Stacy Cecchet received her Ph.D. in clinical psychology from Seattle Pacific University. She specializes in forensic psychology, behavioral psychology, and trauma. Dr. Cecchet conducts empirical research on domestic and international sex trafficking, consults with law enforcement, and provides clinical services to survivors. Dr. Cecchet has also made a number of international humanitarian trips to provide emergency psychological services after natural disasters. Dr. Cecchet completed her pediatric post-doctoral fellowship in behavioral psychology at Johns Hopkins University School of Medicine and the Kennedy Krieger Institute. Currently, Dr. Cecchet is Adjunct Faculty in the Criminal Justice Department and teaches Forensic Psychology and the department’s new course, Sex Trafficking: Domestic and International Perspectives. When she’s not teaching or working at her practice, Dr. Cecchet enjoys traveling around the world, and hiking, and surfing in the Pacific Northwest with her husband and dog.
Wallie Lacks has had a long and interesting lead up before joining the Seattle University MACJ program. Wallie started off as a United States Marine in 1993, during which time he has deployed to Yugoslavia and Bosnia. He has participated in evacuating U.S. citizens from both the Albanian security crisis of 1997, as well as from the civil war and collapse of the former capital of the former nation of Zaire (now the Democratic Republic of Congo). As a member of the KFOR, Wallie was also involved in pushing the Serbian Army out of Kosovo. He deployed to participate in the ground invasion of Iraq and the push into Baghdad to bring about the end of Saddam Hussein.
During those many deployments, Wallie had to deal with reestablishing civil security organizations and police forces in order to keep and maintain order in what was otherwise a lawless environment (Stability and Support Operations). Following the invasion, Wallie transferred out of the active duty Marine Corps into the reserve and attended Old Dominion University majoring in Criminal Justice. Wallie Lacks felt a strong pull for the discipline gained from the experiences he had interacting with police organizations from all the world wide hot spots he toured in the 1990's.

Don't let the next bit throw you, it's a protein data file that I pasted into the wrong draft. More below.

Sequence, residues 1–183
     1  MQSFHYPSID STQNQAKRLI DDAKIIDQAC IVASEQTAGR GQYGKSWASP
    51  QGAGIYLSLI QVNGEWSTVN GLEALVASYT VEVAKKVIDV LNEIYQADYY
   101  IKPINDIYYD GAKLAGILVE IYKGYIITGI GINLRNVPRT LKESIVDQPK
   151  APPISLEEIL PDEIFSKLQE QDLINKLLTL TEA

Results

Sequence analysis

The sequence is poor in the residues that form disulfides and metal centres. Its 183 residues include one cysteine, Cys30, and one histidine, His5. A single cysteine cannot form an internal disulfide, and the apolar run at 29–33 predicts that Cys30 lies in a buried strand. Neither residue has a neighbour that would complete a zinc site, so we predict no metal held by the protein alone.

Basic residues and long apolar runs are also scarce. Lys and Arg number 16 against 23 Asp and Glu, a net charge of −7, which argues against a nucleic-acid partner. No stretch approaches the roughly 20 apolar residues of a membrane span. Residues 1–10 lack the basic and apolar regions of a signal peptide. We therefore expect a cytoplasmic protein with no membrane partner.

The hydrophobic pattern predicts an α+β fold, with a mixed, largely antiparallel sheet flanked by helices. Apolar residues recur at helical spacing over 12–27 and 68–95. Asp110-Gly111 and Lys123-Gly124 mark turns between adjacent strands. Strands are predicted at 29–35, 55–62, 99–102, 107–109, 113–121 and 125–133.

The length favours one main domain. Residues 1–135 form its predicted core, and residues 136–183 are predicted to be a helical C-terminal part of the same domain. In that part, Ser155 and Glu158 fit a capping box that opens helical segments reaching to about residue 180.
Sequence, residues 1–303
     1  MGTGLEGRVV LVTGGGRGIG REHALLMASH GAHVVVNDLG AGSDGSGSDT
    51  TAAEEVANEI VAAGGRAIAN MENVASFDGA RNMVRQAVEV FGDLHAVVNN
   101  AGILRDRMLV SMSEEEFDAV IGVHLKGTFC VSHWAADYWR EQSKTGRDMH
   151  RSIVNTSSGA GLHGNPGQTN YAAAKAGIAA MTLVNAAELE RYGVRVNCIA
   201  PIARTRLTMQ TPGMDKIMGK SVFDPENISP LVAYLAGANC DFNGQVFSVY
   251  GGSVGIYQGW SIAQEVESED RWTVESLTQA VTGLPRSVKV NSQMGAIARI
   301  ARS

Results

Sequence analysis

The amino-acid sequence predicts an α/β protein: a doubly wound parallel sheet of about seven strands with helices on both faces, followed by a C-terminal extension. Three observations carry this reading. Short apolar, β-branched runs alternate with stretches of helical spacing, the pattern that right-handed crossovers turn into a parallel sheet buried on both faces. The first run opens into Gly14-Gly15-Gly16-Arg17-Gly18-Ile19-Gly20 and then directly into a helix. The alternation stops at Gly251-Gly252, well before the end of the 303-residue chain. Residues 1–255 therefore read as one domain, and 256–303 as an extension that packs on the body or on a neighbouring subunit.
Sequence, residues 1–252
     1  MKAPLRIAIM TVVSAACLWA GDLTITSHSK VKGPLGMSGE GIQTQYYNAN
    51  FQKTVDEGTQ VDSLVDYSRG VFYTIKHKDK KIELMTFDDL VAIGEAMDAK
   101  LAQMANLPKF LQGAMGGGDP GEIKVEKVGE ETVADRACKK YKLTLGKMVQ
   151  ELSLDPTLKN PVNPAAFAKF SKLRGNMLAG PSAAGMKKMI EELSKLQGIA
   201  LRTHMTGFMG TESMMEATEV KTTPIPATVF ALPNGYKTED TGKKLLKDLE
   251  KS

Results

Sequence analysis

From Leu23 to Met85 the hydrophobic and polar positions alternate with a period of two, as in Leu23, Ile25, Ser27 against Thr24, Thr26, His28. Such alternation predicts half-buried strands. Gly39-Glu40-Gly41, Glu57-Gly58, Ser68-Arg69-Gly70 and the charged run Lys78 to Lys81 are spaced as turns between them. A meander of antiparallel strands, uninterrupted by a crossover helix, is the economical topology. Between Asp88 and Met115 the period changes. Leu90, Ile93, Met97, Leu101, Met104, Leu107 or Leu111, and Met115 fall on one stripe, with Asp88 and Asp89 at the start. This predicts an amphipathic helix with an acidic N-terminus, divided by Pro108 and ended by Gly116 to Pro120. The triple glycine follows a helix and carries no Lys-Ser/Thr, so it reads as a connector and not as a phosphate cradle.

After graduating from Old Dominion University, in 2006 Wallie reentered active duty as an officer in the U.S. Army. Wallie volunteered and was selected to attend training to become an embedded military advisor to the Iraqi Army. Having a background in criminal justice, and wanting to work with National Iraqi police forces, Wallie was assigned as an advisor to the Iraqi National police for four months in Diyala province Iraq before being reassigned to work at the National Headquarters for the Iraqi Department of Border Enforcement, Iraqi Ministry of Interior. Having completed his assignment as a military advisor and returning to the states, Wallie quickly volunteered to redeploy back to Iraq for a third tour with the Army Combat Brigade that was bound for Diyala province. Once again, Wallie worked advising Iraqi Police forces in the town of Tarmiya on how to employ effective data driven targeting practices to reduce local crime as well as terrorist activity.
Wallie joined the program at Seattle University in the hopes to round out his unusual background in criminal justice. Wallie really enjoys the art and science of putting together effective programs that work at reducing crime and enhancing police organizational skill. He felt that pursuing a Masters degree would help him reflect on what he could have done better to organize, train, and work alongside his Iraqi police counterparts and how that reflection could help him in the future when called upon to serve again. In his free time, Wallie enjoys reading classic literature (Moby Dick, War and Peace, Great Expectations) and autobiographies, running, hiking, and getting greasy and oily while working on his noisy bone-shaking choppers.